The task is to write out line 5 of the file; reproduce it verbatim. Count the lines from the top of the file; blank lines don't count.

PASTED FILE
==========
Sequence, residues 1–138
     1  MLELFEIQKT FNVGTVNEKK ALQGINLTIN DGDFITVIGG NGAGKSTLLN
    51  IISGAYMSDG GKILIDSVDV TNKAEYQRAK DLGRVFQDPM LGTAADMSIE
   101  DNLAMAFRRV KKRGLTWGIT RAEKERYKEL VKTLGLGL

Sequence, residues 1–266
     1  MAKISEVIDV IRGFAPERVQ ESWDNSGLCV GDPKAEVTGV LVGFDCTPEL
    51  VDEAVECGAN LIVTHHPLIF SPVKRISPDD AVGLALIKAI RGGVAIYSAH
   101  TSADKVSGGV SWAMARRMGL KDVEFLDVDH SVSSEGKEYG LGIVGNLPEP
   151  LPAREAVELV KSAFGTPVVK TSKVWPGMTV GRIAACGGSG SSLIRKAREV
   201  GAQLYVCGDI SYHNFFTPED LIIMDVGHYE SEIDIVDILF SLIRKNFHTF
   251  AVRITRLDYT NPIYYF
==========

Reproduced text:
Sequence, residues 1–266